The exact cause is unknown. Although research suggests the likelihood of a genetic basis,[1] there is no known genetic cause[10][11] and brain imaging techniques have not identified a clear common pathology.[1] There is no single treatment, and the effectiveness of particular interventions is supported by only limited data.[1] Intervention is aimed at improving symptoms and function. The mainstay of management is behavioral therapy, focusing on specific deficits to address poor communication skills, obsessive or repetitive routines, and physical clumsiness.[12] Most children improve as they mature to adulthood, but social and communication difficulties may persist.[7] Some researchers and people with Asperger's have advocated a shift in attitudes toward the view that it is a difference, rather than a disability that must be treated or cured.[13][14]


As a pervasive developmental disorder, Asperger syndrome is distinguished by a pattern of symptoms rather than a single symptom. It is characterized by qualitative impairment in social interaction, by stereotyped and restricted patterns of behavior, activities and interests, and by no clinically significant delay in cognitive development or general delay in language.[28] Intense preoccupation with a narrow subject, one-sided verbosity, restricted prosody, and physical clumsiness are typical of the condition, but are not required for diagnosis.[8]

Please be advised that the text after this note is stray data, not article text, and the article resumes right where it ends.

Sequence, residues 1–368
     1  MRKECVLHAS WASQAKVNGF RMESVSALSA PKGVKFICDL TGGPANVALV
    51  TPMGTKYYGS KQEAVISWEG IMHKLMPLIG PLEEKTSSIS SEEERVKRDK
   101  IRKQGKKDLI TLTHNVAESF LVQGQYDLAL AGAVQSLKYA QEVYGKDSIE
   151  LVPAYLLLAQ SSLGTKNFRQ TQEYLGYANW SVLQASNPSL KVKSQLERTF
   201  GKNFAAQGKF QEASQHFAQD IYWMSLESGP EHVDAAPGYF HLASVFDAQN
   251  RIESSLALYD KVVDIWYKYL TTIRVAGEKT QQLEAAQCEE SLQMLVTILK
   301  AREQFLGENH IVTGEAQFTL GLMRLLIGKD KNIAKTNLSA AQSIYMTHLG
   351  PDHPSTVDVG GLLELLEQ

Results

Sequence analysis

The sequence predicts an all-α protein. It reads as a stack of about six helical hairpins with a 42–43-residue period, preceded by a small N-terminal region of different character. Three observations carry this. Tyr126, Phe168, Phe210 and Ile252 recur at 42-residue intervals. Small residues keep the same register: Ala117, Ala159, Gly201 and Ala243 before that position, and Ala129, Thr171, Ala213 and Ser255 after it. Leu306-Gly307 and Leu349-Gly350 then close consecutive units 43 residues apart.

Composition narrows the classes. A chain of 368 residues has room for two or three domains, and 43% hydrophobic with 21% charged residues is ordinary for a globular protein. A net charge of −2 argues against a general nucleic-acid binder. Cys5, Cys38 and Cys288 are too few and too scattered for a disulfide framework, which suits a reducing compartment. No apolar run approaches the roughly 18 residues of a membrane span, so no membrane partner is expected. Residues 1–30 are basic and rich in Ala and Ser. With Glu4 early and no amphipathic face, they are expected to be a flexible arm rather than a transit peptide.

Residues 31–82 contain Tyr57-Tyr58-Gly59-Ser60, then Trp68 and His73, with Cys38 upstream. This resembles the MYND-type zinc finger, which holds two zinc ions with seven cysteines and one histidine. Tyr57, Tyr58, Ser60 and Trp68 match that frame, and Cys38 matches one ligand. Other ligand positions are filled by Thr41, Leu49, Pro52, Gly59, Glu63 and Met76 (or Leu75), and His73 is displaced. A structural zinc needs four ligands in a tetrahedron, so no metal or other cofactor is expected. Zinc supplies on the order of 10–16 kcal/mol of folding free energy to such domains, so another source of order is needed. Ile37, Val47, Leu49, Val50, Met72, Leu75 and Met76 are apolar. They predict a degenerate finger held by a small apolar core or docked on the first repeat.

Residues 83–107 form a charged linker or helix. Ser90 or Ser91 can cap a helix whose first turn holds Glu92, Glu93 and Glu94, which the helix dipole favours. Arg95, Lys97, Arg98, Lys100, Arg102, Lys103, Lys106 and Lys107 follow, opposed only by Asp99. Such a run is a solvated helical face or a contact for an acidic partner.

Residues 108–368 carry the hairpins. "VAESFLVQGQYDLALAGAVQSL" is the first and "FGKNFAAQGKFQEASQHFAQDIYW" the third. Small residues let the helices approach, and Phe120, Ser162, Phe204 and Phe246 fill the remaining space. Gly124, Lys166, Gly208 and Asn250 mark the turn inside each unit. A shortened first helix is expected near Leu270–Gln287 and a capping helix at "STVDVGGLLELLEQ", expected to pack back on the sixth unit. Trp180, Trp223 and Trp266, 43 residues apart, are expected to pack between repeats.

Social interaction

A lack of demonstrated empathy has a significant impact on aspects of communal living for persons with Asperger syndrome.[2] Individuals with AS experience difficulties in basic elements of social interaction, which may include a failure to develop friendships or to seek shared enjoyments or achievements with others (for example, showing others objects of interest), a lack of social or emotional reciprocity (social "games" give-and-take mechanic), and impaired nonverbal behaviors in areas such aseye contactfacial expression, posture, and gesture.[1]